3. Minimize trial projects

Every SaaS team searches for a skilled candidate who can perform specific job duties. To assess a candidate’s work product, most companies assign a trial project. This assignment allows candidates to showcase their skills, while giving the hiring staff a glimpse into how an applicant approaches a problem.

Trial projects offer value to the recruiting process. Candidates get to see what type of work the job entails, and the hiring team receives confirmation of the individual’s skill level.

However, without specific internal guidelines, trial projects can become a deterrent to recruiting the best talent for your job opening. Through my own experiences, I’ve noticed hiring teams straying away from the purpose of trial projects.

Companies are demanding brand-specific projects that require more than eight hours of work. They are fishing for ideas on current tasks in their pipeline and getting free help from their job candidates. This practice is unethical and drives talented people away.

In the example below, this company asked me to complete four deliverables within two days. They wanted a research process document, content pitch, content outline, and a 300-500 word introduction.

The solution is to minimize your trial projects. Start by defining the purpose of the assignment. What do you want to learn about the candidate? Select one to two skills to test.

Also, move trial projects to the end of your hiring process. Only two to five candidates should be completing an assignment.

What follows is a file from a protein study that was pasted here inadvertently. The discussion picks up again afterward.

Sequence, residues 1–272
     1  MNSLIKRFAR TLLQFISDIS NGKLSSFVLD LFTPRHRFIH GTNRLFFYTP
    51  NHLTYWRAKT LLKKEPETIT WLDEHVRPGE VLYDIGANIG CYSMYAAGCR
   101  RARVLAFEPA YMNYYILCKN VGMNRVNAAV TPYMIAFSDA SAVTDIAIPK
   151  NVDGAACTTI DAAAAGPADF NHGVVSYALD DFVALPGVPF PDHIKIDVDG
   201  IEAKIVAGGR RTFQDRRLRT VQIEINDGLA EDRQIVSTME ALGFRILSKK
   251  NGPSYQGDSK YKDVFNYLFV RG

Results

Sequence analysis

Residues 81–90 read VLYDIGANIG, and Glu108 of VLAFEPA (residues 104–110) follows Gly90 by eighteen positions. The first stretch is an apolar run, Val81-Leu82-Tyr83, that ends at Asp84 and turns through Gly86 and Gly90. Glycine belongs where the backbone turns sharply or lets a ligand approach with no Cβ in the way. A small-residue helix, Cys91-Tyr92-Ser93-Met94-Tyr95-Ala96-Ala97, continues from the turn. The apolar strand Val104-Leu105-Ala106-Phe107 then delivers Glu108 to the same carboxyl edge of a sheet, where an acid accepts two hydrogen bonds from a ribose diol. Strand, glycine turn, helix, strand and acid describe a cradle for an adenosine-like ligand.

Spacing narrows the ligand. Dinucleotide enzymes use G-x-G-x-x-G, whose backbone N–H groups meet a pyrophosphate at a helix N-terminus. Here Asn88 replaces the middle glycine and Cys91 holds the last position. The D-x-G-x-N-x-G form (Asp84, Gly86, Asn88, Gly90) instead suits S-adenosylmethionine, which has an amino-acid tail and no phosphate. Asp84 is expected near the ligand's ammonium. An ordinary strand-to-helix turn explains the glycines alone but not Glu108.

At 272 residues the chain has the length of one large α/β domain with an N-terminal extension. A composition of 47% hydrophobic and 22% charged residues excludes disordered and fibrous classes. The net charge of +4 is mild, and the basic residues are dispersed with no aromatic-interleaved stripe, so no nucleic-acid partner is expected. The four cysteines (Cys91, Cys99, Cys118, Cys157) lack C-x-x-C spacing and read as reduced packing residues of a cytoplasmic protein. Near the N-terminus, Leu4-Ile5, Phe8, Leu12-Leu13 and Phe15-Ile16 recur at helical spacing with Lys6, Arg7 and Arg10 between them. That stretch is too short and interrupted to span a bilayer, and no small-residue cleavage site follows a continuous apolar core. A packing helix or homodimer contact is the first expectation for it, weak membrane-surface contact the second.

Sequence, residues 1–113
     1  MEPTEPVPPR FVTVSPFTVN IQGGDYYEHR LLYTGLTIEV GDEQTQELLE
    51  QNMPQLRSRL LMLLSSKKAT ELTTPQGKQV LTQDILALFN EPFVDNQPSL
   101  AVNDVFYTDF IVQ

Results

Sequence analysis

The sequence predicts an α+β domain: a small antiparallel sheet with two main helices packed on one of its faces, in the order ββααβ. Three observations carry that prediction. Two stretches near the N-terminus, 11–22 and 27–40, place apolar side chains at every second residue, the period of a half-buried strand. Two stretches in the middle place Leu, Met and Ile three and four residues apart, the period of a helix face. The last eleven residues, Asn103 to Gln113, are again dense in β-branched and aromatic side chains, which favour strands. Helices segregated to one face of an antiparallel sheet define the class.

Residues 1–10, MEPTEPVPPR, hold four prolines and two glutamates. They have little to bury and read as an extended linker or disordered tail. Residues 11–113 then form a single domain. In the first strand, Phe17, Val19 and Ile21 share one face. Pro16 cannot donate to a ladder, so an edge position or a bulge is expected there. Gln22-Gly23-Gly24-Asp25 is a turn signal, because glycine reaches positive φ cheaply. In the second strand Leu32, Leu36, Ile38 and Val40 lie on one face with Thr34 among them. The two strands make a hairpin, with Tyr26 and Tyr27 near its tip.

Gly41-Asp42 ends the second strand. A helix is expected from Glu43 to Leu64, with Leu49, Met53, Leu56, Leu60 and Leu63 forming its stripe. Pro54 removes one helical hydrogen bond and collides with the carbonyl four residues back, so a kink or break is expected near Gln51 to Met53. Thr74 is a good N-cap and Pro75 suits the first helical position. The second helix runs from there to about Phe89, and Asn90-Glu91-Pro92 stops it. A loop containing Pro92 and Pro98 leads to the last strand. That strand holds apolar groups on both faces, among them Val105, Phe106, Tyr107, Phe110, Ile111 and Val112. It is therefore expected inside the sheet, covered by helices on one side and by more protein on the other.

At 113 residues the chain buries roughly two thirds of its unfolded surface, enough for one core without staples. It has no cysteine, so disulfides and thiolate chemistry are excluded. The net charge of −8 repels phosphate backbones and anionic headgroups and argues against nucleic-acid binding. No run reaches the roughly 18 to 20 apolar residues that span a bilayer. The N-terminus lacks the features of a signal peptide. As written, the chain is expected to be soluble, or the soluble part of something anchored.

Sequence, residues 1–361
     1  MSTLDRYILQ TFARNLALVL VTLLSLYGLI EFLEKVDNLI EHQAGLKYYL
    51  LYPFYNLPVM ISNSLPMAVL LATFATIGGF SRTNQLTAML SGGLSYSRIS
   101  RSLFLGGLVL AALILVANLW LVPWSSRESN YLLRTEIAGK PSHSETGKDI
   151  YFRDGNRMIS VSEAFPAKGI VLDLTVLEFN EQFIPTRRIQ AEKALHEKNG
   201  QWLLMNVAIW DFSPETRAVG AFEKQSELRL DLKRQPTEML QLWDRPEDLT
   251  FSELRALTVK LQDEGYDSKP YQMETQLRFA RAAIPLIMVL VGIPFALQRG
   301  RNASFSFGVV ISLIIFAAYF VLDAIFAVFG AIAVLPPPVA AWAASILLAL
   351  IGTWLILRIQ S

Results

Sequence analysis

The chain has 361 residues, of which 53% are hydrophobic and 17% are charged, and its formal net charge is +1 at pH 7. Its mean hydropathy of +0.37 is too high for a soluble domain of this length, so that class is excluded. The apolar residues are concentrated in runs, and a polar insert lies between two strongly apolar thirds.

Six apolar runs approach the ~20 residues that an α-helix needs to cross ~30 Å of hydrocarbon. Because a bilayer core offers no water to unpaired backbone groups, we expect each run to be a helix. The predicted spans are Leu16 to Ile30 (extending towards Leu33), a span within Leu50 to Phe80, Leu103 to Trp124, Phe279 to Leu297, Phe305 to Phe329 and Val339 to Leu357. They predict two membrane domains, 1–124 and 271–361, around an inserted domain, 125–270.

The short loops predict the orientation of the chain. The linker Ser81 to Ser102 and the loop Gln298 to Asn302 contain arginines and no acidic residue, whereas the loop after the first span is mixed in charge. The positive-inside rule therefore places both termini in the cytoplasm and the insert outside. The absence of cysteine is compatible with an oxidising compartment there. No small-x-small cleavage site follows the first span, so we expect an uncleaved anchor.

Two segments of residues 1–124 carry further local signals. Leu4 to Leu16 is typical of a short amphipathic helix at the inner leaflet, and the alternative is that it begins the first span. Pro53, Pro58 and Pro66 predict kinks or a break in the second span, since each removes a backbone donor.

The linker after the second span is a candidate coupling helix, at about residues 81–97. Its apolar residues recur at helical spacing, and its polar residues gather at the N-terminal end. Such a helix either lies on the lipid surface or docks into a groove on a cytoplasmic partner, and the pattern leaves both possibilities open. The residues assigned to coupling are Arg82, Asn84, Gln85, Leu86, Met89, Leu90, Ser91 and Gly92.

Excessive trial projects place an undue burden on the candidate and your team. You can alleviate that pressure by having more focus in your assignment.

4. Give undivided attention

Juggling the responsibilities of hiring top talent is an overwhelming process. From posting on job boards to scheduling interviews, it’s vital that candidates receive your undivided attention.

Distractions ruin the hiring experience. It’s also a sign of disrespect to the candidate. So, what counts as a distraction? It includes anything that interrupts your attention in the interview.

For instance, you don’t want to eat your lunch during a meeting with a job applicant. You also should avoid replying to emails or responding to Slack messages. Here’s expert advice from Hirenami:

“Human touch is crucial. Your hiring department should be responsive to any questions, and guide candidates along the way. Meet them where they are, rather than expecting them to come to you. The smoother the process is for your candidates, the more likely the top talent will be to make it through to the final interview and decision.”

I’ve experienced interviews where the hiring manager walked on a busy street or sat in a loud coworking space. These distractions aren’t helpful. All interviews should take place in a quiet room.

Coach your team about the significance of being mentally present in the interview. By listening with attentive ears, you open the door to the right talent.

5. Be transparent ASAP

Honesty and integrity should be present throughout the entire hiring process. It provides a baseline for your team to measure its performance.

Recruiting isn’t a perfect operation. Unexpected obstacles can halt everything. That’s why your team must develop a plan to resolve these issues.

By doing so, you can allocate your team’s time to more pertinent tasks, and candidates can make better decisions about their job search.